Sunday, August 25, 2019

the sun also sets

A Canadian friend asked me last week why I live in Barra de Navidad during the summer.

This is why.

Or it is one reason.

Our beach sunsets during the rainy season are nothing less than spectacular. Certainly, we have nice sunsets in the winter. But the combination of summer clouds and the angle of the sun's light make August a photographer's oasis.

The best photographs, of course, are at the edge of the Pacific where you can snap cliché shots of sunsets framed by sand, surf, and palms.

I did not have the luxury of standing in the sand last night. I was returning to the house from watching Omar play on a soccer team sponsored by Rooster's restaurant when I noticed the sunset off to my left.

The evening had earlier offered rainbows though misty rain. But the grand finale was one of the most colorful sunsets I have yet seen here. There was just the right mix of overcast to reflect a fascinating shade of purple while the lower clouds allowed the sun to partially break through to refract its light across the full color spectrum.

The fact that I had a chicken wire fence in the foreground did not matter. I just stood and appreciated.

At the end of last week, I wanted something different for my evening entertainment. I have become bored with Netflix's offerings of television series. So, I watched five of my DVD movies -- each for different reasons.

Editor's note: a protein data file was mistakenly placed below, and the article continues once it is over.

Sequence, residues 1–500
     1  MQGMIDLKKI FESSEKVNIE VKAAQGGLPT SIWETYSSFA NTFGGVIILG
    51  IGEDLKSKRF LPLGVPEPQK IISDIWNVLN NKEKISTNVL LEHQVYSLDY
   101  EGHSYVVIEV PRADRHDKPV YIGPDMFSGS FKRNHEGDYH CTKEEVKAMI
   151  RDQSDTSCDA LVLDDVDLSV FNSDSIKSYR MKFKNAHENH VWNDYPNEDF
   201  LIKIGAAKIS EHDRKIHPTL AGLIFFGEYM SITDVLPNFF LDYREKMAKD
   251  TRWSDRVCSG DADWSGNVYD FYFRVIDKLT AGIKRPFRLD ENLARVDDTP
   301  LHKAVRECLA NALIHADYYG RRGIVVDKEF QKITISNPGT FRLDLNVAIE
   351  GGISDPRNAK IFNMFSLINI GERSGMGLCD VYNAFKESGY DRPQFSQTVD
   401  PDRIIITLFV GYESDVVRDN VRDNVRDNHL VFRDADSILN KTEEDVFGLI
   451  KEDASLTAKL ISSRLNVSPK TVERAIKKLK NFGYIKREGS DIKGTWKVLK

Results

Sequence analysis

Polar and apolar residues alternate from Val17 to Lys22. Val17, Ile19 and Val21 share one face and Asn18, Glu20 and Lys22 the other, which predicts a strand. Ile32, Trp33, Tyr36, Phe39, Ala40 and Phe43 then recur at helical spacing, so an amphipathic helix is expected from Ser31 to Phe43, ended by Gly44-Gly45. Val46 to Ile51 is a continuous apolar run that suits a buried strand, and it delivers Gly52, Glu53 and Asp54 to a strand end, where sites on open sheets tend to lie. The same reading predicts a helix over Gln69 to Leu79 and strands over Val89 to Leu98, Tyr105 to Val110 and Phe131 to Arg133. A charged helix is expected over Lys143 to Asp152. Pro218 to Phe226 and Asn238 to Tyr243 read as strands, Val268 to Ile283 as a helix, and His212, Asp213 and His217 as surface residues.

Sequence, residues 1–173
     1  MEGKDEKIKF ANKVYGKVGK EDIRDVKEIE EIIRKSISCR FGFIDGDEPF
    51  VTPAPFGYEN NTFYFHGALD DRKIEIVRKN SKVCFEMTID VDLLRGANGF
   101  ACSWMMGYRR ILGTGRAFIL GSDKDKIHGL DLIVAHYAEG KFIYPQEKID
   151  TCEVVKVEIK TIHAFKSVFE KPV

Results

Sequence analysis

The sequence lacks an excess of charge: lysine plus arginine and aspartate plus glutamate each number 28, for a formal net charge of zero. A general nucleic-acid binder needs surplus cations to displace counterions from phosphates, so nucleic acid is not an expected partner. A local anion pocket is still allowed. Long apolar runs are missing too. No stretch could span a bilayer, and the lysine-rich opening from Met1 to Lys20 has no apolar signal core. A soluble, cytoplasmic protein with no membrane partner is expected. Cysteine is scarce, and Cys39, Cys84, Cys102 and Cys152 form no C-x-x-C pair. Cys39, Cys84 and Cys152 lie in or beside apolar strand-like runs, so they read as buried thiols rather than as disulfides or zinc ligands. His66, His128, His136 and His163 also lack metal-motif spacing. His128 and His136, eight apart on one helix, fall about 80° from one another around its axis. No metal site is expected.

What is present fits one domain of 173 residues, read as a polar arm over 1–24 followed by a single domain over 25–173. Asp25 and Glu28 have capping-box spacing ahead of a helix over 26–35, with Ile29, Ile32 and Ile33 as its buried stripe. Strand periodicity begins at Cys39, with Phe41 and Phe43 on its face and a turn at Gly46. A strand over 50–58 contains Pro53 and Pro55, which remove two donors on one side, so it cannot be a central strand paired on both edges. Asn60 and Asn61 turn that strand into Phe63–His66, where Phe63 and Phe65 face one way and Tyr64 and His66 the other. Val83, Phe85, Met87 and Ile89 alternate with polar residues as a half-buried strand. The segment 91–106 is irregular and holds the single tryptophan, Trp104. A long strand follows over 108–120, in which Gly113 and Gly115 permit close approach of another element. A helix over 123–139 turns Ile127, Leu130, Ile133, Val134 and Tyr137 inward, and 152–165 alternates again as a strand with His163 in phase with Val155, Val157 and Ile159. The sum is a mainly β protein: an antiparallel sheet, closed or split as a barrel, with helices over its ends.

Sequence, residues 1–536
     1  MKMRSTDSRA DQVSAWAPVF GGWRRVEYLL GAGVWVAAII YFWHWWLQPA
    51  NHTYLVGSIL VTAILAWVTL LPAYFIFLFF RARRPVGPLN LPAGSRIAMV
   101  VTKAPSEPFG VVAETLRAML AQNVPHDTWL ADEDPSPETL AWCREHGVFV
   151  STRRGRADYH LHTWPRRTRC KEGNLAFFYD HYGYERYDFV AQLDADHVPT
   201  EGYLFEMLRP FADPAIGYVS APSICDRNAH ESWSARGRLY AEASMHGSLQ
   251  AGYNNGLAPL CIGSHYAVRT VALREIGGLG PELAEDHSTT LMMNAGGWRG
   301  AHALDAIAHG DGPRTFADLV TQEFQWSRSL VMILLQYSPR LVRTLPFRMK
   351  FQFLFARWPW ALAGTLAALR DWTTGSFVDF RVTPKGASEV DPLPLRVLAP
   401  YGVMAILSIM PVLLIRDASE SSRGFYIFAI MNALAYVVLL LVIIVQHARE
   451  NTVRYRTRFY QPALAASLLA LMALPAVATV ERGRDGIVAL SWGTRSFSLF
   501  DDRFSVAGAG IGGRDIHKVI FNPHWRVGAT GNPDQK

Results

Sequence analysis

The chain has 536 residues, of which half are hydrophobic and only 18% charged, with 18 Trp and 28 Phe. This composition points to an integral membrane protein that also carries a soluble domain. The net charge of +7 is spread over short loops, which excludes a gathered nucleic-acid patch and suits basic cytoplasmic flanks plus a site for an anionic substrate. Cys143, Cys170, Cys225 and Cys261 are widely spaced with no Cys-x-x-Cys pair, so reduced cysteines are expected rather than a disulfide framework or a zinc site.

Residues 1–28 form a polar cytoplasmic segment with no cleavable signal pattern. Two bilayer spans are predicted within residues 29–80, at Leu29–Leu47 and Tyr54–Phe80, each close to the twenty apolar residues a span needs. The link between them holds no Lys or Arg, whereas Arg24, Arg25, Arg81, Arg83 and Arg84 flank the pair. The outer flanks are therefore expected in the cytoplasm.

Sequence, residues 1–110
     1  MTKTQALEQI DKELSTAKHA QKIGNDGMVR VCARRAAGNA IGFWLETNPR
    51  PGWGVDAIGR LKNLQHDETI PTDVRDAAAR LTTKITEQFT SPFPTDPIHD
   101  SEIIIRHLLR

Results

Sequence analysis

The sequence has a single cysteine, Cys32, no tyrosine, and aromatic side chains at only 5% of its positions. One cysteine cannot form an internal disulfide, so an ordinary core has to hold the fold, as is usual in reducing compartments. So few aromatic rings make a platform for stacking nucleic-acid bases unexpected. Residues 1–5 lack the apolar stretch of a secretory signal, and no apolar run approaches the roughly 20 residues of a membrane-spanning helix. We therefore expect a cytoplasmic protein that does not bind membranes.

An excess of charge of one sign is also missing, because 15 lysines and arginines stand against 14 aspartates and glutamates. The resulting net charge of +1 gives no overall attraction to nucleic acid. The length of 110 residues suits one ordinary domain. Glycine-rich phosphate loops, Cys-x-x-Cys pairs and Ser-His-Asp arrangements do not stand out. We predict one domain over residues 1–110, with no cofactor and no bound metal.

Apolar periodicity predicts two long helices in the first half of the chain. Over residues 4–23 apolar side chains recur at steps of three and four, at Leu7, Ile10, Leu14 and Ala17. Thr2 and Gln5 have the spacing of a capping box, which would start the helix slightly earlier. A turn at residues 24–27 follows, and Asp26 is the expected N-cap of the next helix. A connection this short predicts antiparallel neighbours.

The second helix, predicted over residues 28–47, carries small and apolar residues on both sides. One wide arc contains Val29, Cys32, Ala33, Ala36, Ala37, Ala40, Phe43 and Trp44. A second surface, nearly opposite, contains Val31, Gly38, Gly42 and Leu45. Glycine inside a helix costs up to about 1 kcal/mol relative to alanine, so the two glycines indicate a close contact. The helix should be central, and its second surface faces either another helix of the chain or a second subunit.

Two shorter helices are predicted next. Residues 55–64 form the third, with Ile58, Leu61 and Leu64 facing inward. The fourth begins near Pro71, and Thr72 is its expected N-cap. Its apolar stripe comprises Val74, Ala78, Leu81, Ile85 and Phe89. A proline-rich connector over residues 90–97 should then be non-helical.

Conan the Barbarian, Nicholas and Alexandra, The Man in the Glass Booth, Patton, and The Death of Stalin. That is quite a variety.

I made a double feature out of Patton and The Death of Stalin. Both of them deal with the fight against totalitarianism. The first lionizes one of America's greatest generals in the war that defeated the National Socialists.

The second catches the dark comedy of one of the world's evilest political philosophies trying to survive foibles of its own making. The two films were an interesting contrast. One so earnest it lacks any sense of irony; the other awash in black-comedy satire.

But the film that had the deepest meaning for me was The Man in the Glass Booth -- the 1975 film of Robert Shaw's play exploring the Holocaust and antisemitism. I had watched the DVD only a few months ago. But the rise of antisemitism on the white nationalist right and the far left has been troubling me.

Rather than jump on my soap box, let me reccommend The Man in the Glass Booth to you. After watching it, let's talk.

Until then, enjoy the sunset with me.

Or, if you like, stop by the house and we can watch a movie of your choice. We can then sit upon the ground and tell sad stories of the deaths of kings.

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